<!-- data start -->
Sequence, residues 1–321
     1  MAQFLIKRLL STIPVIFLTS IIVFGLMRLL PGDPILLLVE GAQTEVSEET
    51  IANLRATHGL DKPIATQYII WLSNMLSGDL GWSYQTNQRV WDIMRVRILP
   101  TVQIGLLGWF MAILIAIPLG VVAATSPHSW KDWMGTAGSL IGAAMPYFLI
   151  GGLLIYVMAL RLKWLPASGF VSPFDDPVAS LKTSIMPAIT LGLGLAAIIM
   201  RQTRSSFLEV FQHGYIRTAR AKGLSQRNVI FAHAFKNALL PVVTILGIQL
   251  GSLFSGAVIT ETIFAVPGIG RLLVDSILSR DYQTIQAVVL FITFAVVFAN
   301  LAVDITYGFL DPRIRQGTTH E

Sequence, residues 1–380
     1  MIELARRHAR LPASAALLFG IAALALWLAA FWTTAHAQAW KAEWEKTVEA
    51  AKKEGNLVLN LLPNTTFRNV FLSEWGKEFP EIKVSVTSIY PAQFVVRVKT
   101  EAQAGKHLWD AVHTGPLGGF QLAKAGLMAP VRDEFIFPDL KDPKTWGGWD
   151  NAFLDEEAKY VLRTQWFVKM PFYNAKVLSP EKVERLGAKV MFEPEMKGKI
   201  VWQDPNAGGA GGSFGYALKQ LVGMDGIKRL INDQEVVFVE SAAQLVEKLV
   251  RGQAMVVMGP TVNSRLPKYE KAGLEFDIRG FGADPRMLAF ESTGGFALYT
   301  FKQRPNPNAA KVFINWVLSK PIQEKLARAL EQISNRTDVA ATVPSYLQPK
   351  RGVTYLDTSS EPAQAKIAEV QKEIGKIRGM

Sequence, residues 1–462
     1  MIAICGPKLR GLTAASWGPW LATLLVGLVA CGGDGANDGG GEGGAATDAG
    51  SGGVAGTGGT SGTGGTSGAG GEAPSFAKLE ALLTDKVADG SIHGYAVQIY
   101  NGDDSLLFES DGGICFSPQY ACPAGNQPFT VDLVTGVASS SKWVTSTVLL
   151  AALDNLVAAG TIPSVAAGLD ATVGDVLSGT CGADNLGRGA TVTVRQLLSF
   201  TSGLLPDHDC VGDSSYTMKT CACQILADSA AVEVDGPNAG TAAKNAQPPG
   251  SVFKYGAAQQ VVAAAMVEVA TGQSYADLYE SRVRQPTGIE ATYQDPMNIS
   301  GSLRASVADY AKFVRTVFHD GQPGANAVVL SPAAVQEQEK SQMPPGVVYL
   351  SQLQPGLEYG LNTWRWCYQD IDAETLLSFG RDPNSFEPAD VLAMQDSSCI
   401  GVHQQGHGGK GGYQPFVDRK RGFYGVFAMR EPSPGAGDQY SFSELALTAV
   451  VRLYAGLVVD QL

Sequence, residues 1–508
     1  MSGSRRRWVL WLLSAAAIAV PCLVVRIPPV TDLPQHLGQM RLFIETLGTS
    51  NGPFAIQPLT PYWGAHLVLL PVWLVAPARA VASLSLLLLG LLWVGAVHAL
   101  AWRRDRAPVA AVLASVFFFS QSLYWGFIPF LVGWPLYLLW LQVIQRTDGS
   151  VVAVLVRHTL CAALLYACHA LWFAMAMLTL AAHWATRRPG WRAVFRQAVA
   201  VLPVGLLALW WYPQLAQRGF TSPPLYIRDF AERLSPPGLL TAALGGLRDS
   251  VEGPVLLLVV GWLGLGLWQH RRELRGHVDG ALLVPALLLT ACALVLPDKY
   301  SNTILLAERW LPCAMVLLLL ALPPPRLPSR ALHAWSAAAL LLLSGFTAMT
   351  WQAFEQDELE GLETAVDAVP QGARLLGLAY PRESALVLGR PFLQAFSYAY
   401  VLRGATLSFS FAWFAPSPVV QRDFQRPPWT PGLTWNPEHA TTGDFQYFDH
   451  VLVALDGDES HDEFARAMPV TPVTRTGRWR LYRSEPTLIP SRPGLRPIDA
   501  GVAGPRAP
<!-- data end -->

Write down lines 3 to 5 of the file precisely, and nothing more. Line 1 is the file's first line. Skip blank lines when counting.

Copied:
    51  IANLRATHGL DKPIATQYII WLSNMLSGDL GWSYQTNQRV WDIMRVRILP
   101  TVQIGLLGWF MAILIAIPLG VVAATSPHSW KDWMGTAGSL IGAAMPYFLI
   151  GGLLIYVMAL RLKWLPASGF VSPFDDPVAS LKTSIMPAIT LGLGLAAIIM